VxWorks is a real-time operating system made by Wind River Systems, Inc. [L1 ]. It is popularly deployed on embedded systems that have limited resources, boot from ROM or flash memory, and have neither disks nor displays. The VxWorks kernel is highly modularized and promises fast and predictable interrupt response.

Notable differences to Unix are:

  • A priority-based preemptive scheduler without time-slicing.
  • A flat memory model that is shared by the kernel and all tasks (no process separation or memory protection).
  • Proprietary APIs for thread management and synchronization.

VxWorks 6.0 and later offer process separation (as "Real-time Processes") and increasingly complete support for the POSIX APIs, while maintaining the legacy APIs and flat memory model for "Downloadable Kernel Modules." However, some functionality that Unix developers take for granted, such as fork() or pipe(), are still missing.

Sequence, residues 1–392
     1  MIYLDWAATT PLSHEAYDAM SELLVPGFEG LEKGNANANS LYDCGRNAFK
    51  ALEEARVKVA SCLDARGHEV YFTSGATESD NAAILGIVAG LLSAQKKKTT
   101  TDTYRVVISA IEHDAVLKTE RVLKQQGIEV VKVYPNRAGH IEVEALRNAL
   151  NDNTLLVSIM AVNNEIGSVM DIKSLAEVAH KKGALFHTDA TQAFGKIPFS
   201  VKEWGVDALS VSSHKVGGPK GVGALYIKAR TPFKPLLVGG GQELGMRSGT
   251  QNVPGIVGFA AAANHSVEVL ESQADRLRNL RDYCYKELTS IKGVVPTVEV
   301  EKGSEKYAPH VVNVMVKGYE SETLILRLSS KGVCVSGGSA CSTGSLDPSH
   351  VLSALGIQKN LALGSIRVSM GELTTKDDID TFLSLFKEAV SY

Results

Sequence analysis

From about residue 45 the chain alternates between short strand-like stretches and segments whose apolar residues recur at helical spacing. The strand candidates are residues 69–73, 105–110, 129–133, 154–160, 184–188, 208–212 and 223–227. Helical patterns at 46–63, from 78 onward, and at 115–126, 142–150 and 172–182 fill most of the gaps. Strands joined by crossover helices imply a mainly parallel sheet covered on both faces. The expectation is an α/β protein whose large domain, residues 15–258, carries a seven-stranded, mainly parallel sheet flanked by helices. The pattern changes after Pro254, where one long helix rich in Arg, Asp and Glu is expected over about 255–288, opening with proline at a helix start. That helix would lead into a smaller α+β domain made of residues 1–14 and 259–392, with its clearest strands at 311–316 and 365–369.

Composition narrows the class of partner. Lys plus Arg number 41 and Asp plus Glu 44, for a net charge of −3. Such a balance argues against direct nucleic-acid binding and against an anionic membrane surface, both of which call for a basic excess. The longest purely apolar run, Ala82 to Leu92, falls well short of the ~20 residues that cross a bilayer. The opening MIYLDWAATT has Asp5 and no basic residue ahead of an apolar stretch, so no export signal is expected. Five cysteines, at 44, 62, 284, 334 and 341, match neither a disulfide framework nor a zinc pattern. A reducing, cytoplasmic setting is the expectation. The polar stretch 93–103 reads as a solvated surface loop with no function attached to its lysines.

One of the more intriguing features is the "C interpreter", which allows access to all kernel symbols and supports calling C functions from the command line, like a built-in ffidl.

Tcl is an integral part of Workbench, the VxWorks development environment. It provides a Tcl-based wtxtcl "host shell" that runs on the development host and can be used to interact with the target. Workbench does not provide a Tcl to run on the target natively, however.

See Tcl on VxWorks for a port of Tcl to VxWorks.